Profile: Adrian Sassoon

25 April 2024

By Emma Chrichton-Miller

Emma Crichton-Miller is Editor-in-Chief of The Design Edit, and an arts journalist, editor and writer. She contributes regularly to the Financial Times and is a columnist on Apollo Magazine.

For dealer Adrian Sassoon, the UK's leading dealer in Contemporary Works of Art and Antique French Porcelain, art fairs are critical. Without a gallery space, it is his reassuring presence over many years at art fairs from Maastricht to Paris to London, New York and, last year, Miami, that has confirmed his reputation for excellence and consistency. At leading fairs he displays on serried shelves and central plinths the latest creations of his virtuoso glass, ceramics and metalwork artists. Crucial to his display each time, Sassoon explains, is not just that all the works on display by both eighteenth century and contemporary makers conform to his exacting standards, but that there is new work: “Our artists don’t make the same thing again and again. They move on. Even with contemporary objects you can weave patterns of development over a twenty, or even twenty five year period.”

Sassoon’s first expertise was in seventeenth and eighteenth century decorative arts, especially porcelain. An intern at the Getty Museum aged nineteen, he cut his teeth for the next five years under the redoubtable British ceramics curator Gillian Wilson. She was happy to let him take the lead on all things Sèvres. During his brief European holidays, he would buy the odd contemporary piece. Having learned to pot at Eton College from the distinguished studio ceramicist Gordon Baldwin, he recognised the value in the work he was seeing at galleries in London and elsewhere: “After I left school I realised that Gordon Baldwin was a man whose work was in the V&A collection. I was aware of galleries in London who had his work. Contemporary Applied Arts was in Covent Garden, in a vast space: there would be a nice piece of glass and a nice piece of this and a nice piece of that and so I had started collecting, when I was in my late teens.”

A Pair of French 18th Century Early Hard-Paste Sèvres Porcelain Vases and Covers 1774 (vases à batons rompus)
Courtesy of Adrian Sassoon

By the time Sassoon returned to London, he had a small collection of contemporary art works. He was then working for the distinguished dealership Alexander & Berendt, with its focus on French, German and Italian furniture, all 17th and 18th century. But in 1994 he launched on his own, making his first fair appearance at the British Ceramics Conference held in the Dorchester Hotel. “That first stand there was so small that it was actually underneath the stairs and if I stood up straight I’d hit my head on the bottom of the stairs. I was literally not even on a shelf but underneath the stairs.” Nevertheless he managed to draw attention, with people “realising that they were looking at very fine things that they weren’t used to seeing.”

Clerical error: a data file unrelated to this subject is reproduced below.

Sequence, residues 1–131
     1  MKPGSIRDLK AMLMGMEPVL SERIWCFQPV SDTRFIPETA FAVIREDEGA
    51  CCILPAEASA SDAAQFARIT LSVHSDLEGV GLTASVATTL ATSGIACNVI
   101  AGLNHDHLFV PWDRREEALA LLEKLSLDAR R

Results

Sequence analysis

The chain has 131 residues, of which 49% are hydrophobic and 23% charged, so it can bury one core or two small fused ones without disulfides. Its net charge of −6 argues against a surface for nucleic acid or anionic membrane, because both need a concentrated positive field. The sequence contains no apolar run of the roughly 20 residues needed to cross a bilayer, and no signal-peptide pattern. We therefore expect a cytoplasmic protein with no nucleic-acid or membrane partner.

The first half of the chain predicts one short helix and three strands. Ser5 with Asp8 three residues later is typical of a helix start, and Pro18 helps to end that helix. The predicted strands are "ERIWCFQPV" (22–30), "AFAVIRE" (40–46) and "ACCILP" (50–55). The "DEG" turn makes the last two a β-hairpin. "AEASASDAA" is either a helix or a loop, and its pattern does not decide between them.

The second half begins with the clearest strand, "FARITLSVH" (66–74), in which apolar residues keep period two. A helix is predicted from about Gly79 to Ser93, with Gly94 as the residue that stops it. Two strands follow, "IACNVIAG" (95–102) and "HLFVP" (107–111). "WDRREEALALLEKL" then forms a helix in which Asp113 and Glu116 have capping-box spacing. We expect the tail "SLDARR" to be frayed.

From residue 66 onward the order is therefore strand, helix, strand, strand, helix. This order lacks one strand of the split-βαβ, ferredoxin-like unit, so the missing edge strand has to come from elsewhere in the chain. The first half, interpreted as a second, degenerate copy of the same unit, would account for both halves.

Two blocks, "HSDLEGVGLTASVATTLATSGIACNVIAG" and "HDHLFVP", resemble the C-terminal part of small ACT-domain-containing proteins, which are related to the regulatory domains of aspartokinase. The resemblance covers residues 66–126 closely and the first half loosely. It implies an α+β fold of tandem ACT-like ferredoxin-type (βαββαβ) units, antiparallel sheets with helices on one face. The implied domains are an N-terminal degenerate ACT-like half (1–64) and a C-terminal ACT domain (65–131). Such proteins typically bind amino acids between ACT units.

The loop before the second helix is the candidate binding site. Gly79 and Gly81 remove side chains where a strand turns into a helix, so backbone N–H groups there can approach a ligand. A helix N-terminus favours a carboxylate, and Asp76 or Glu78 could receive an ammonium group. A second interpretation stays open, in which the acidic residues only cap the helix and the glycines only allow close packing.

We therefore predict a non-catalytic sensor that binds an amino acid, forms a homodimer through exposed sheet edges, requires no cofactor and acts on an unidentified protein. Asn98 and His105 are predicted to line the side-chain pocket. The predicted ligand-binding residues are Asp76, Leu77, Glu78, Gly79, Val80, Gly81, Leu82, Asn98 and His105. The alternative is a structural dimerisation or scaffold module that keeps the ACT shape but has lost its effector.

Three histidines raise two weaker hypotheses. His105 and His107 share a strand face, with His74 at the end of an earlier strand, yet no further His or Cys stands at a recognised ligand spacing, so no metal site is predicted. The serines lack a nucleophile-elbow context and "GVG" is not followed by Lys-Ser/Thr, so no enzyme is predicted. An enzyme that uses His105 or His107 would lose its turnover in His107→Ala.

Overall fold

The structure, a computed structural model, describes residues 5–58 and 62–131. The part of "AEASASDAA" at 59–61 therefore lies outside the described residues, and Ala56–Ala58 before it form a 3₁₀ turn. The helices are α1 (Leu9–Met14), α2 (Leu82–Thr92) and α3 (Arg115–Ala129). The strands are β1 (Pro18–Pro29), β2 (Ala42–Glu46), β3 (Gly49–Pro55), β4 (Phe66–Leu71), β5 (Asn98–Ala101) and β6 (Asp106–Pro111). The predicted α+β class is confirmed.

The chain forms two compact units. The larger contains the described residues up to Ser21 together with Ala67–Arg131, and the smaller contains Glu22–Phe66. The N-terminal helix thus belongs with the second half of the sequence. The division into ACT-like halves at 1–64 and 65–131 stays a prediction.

Sassoon credits his connoisseurship, rooted in eighteenth century porcelain, for his exacting taste:  “The crucial thing if you are interested in contemporary objects, contemporary painting or contemporary architecture, is that you have to have some level of awareness of what has happened historically, otherwise you get confused. If something is newly made it does not prove that it is a new idea. You cannot understand or judge contemporary art if you disregard historic art.” His schooling in Sèvres also opened his eyes to the possibilities of his artists creating pairs or even whole garnitures of objects - aiming high in terms of aesthetic impact. This would include ceramicists like Kate Malone and Felicity Aylieff or metal workers like Junko Mori and Hiroshi Susuki.

Black Pumpkin, 2023 Kate Malone
Courtesy of Adrian Sassoon

Sassoon freely admits that he is drawn to highly finished, technically accomplished work: “My taste is for the shinier, smarter type of porcelain, glassy, silver object. I am personally not so interested in asymmetrical volcanic firings and seeing how a piece of ceramic can lean one way in the kiln. I like things that, when they exit the kiln, are pretty much as the artist intended.”  It also suits him to show work within a context where art and architecture also play a role: “One of the keys to collecting is that if you want to mix things, they must be of a similar quality.  The architecture is just as much part of the collecting as anything else. I always thought that having paintings by Rubens and furniture by Chippendale on the other stands in the show was quite good company!” In this way, he wants visitors to his stand not to be impressed by his own curation but already dreaming of the spaces they have at home waiting to be enhanced by his art works.

Homeland Britain, 2020 Bouke de Vries
Courtesy of Adrian Sassoon

Sassoon insists that his choices are personal and aesthetic and not influenced by a desire to be fashionable or politically correct. Many of his artists are women, but many are not. Similarly, although through his career he has seen the prestige and popular appeal of ceramics rise tremendously, for Sassoon you feel this recognition of value comes as no surprise - indeed his mother collected contemporary ceramics when he was a child. Most recently Sassoon has taken on a young Korean artist, Woosun Cheon, who works with fine strips of metal to create intricate soldered vessels inspired by ceramic forms. Sassoon comments, “They are beautifully finished. They cast shadow in a way that is remarkable. And it is unlike anyone else’s work. That is the relieving thing. We want things to be in the definite style of an artist.”

What thrills him as a dealer is that clients in their nineties are still coming to his stand to check out the latest new piece. Each is a distinct contribution to the history of transformation in that primary material.